This week’s Misfit Entrepreneur is Cameron Brown. Cameron is an award-winning composer, international speaker, and founder of Thriving Collective a world-wide movement dedicated to helping people reach their true potential. Cameron has been featured everything from TEDx to ABC and Millennial Magazine. He was born in the outback of Australia and started playing piano at a young age. His story has a lot of ups and downs and twists and turns which he will share with you today.
In 2016, he sold or donated 99% of the things he owned and embarked on a global initiative called the “Impact diaries” to inspire people to make a greater positive impact in the world. And just this year, he official partnered with National Geographic as a National Geographic Explorer.
Cameron has a developed a very compelling and unique way of speaking and teaching through what he calls Multi-Sensory talks where he speaks to audience while mixing in playing piano and a complete video experience embedded in.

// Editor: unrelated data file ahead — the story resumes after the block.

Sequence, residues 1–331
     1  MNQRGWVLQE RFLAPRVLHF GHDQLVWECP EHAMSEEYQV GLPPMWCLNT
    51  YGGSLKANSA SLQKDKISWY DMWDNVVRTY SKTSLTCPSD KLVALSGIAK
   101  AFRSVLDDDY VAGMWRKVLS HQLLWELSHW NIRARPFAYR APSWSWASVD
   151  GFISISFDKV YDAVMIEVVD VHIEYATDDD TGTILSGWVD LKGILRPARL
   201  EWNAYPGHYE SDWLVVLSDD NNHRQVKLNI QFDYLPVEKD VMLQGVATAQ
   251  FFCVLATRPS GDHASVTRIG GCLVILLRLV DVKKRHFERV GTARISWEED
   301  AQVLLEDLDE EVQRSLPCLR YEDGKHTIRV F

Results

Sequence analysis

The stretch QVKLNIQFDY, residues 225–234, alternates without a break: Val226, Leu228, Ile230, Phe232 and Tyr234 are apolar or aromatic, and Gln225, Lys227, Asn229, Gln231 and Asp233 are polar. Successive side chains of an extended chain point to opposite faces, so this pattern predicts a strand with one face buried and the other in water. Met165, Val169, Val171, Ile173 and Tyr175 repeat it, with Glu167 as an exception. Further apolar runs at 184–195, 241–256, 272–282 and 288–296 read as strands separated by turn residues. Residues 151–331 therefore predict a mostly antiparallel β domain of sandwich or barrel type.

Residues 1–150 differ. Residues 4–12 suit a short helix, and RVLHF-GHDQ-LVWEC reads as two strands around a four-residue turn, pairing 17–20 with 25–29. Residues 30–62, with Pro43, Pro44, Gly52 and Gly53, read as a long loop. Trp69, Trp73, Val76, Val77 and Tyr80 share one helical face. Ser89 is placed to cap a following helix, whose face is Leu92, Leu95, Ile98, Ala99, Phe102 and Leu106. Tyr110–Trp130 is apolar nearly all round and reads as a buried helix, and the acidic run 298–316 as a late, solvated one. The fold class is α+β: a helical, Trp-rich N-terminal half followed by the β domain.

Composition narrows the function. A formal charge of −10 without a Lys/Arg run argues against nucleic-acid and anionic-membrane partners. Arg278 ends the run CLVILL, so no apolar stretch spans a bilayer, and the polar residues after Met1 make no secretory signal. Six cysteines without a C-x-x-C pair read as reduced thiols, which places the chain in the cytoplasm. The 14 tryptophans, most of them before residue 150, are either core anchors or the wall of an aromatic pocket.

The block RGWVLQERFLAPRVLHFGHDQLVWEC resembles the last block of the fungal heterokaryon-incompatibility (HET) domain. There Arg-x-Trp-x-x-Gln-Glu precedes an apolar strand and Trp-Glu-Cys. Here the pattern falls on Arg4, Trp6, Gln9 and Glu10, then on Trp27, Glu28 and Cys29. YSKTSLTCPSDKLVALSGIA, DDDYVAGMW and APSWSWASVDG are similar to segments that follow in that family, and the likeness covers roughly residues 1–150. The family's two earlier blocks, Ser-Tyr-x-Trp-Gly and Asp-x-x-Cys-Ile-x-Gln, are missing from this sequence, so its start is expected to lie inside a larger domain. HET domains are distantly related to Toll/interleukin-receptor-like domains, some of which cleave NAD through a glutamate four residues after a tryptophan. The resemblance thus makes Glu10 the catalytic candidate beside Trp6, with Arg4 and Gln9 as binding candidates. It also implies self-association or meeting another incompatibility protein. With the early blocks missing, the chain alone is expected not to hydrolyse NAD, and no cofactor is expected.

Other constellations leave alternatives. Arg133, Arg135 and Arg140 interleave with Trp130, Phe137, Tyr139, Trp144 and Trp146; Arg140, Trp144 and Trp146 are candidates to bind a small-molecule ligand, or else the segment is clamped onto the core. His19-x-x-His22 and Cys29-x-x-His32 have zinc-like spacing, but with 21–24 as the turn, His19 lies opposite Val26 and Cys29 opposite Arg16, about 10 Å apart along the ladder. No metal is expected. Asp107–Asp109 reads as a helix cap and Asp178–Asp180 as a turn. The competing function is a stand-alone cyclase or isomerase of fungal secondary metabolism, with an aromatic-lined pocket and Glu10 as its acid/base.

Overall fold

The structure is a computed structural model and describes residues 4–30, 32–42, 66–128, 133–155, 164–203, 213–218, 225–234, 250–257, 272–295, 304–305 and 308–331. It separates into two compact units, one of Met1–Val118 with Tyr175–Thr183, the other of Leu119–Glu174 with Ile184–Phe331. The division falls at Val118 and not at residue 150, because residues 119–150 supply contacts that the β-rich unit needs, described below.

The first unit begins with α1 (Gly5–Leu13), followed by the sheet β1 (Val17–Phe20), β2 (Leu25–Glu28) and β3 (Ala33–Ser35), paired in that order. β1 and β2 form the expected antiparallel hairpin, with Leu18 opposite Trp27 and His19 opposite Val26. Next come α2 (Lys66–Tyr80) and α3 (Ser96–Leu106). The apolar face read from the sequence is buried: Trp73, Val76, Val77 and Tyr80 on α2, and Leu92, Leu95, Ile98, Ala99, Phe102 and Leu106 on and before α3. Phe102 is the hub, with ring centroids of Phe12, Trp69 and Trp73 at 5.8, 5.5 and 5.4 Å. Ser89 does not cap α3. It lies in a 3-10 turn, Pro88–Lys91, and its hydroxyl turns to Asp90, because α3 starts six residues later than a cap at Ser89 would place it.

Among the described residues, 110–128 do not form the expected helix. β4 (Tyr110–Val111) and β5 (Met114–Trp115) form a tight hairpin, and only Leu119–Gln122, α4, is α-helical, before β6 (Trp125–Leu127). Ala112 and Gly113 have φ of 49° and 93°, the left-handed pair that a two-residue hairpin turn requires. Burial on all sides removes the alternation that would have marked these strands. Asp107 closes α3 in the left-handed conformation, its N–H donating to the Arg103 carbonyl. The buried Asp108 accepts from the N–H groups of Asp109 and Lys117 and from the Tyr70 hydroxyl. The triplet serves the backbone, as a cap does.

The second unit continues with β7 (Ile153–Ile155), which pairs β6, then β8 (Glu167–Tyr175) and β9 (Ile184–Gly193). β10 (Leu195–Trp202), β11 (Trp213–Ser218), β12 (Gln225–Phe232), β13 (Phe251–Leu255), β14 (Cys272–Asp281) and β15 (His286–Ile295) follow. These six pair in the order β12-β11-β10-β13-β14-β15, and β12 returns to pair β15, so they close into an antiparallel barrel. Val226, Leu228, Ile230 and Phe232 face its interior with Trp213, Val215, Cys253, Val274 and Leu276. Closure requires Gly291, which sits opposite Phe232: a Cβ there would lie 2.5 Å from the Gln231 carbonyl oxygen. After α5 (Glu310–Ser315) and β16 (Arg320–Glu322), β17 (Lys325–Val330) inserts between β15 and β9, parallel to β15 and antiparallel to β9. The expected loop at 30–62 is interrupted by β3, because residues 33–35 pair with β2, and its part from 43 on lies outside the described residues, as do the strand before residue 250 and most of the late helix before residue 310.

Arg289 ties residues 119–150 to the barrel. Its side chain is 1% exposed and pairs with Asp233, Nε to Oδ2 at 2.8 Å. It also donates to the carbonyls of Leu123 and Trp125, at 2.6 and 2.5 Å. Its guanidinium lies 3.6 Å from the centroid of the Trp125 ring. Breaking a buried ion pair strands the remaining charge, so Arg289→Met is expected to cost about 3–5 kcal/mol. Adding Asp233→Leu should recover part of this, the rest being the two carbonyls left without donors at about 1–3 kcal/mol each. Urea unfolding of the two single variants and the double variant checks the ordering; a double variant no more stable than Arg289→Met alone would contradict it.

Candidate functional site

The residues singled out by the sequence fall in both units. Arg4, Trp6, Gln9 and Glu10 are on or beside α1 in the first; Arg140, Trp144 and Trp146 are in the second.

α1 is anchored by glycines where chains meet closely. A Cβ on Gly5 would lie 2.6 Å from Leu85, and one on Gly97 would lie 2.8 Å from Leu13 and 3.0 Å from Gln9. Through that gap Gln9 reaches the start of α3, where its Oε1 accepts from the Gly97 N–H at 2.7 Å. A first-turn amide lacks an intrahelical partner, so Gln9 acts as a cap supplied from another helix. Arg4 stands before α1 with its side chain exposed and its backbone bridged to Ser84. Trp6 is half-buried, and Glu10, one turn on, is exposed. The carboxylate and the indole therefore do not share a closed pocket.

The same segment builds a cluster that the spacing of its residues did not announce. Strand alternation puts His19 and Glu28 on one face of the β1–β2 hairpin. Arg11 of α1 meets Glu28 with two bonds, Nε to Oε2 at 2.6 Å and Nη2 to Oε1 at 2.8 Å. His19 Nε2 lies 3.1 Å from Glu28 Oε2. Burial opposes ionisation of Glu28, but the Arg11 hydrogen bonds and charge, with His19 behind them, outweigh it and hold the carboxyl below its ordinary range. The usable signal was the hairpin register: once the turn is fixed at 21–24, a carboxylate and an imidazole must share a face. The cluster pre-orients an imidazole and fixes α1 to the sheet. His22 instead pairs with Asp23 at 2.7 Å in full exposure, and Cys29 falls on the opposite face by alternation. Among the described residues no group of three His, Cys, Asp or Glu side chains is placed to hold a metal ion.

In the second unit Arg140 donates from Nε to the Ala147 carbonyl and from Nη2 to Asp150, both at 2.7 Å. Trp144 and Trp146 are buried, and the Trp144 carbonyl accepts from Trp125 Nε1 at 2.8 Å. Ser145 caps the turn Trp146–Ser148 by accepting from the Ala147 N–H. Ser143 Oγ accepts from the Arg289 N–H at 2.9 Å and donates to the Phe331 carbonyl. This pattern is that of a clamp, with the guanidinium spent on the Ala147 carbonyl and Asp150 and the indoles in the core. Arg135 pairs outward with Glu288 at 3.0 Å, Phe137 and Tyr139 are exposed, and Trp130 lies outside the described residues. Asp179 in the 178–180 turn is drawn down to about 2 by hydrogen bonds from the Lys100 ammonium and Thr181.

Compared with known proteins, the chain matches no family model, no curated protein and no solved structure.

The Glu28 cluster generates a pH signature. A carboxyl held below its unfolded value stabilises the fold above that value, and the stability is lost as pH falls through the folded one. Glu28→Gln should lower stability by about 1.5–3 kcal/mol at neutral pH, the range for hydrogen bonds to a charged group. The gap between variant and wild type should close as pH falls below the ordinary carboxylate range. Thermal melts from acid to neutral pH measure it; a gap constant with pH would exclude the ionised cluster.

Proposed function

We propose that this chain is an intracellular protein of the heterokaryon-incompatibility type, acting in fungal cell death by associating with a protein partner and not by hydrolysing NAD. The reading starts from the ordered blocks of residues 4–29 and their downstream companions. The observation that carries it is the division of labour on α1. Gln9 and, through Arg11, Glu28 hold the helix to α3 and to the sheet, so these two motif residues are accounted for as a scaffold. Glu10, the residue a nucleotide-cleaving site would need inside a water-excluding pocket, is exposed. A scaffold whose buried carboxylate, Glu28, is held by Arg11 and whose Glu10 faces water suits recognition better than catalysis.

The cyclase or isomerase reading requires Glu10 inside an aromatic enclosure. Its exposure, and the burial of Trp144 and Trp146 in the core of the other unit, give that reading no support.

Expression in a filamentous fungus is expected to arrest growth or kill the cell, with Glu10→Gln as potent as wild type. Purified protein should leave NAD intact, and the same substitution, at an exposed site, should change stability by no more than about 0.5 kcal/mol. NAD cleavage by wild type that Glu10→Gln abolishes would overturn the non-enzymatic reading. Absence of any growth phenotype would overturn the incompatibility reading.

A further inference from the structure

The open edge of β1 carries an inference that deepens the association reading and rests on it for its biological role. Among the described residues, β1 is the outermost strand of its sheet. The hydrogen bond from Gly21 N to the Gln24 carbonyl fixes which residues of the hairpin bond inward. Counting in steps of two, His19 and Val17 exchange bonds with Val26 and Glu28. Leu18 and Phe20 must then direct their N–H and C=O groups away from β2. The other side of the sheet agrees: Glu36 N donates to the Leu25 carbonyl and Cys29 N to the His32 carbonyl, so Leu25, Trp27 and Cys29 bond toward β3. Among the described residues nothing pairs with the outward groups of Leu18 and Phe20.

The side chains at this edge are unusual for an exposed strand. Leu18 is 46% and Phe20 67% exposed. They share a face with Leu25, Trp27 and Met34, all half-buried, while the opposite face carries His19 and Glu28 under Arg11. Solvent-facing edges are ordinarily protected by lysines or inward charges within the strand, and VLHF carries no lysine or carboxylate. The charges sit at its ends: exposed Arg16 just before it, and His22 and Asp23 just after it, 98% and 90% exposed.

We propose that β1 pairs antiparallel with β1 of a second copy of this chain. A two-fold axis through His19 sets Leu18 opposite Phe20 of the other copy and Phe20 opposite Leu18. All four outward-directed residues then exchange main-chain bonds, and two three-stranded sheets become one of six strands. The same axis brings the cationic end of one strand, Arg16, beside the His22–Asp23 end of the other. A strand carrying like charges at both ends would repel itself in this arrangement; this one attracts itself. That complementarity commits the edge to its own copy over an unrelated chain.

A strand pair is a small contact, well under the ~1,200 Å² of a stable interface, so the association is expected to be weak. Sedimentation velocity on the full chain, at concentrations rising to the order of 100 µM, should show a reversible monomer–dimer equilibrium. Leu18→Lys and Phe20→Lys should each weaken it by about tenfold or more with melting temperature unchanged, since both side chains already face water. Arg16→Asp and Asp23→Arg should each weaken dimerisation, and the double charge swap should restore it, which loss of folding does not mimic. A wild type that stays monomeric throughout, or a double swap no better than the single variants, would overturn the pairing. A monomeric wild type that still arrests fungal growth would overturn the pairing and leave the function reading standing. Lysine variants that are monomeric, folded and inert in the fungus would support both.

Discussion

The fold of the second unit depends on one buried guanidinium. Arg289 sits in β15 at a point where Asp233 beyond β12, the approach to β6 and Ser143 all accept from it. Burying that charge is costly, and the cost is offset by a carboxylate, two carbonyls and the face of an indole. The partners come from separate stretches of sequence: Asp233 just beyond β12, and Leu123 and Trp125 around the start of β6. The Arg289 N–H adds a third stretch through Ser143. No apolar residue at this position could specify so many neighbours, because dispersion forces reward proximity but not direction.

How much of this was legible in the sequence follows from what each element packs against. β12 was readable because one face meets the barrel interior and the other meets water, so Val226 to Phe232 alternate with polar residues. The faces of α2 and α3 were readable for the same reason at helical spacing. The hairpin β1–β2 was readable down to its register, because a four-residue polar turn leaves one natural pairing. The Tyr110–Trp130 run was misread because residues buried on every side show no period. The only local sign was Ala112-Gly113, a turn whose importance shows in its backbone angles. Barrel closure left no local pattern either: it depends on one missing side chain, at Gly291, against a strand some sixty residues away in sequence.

Cameron credits all of his success to the incredible impact that curiosity can have on your life and we break that down with him in this episode.
@AskCameronBrown on social
Cameron says he’s had a number of big defining moments in his life. One of them was in mid-2010 when they heard screaming from his neighbor that her son had just killed himself. He and another went running through the house and found the deceased. Cameron remembers most taking care of the siblings and pretending like nothing was going on, playing with them to keep them occupied, but to then see the father come home with a look of helplessness and the rest of the family. Cameron took away some very important truths from the experience. First, not one should ever have to go through that type of experience. Second, that there are others ways out and that there had to be a way to help people that are going through these tough times.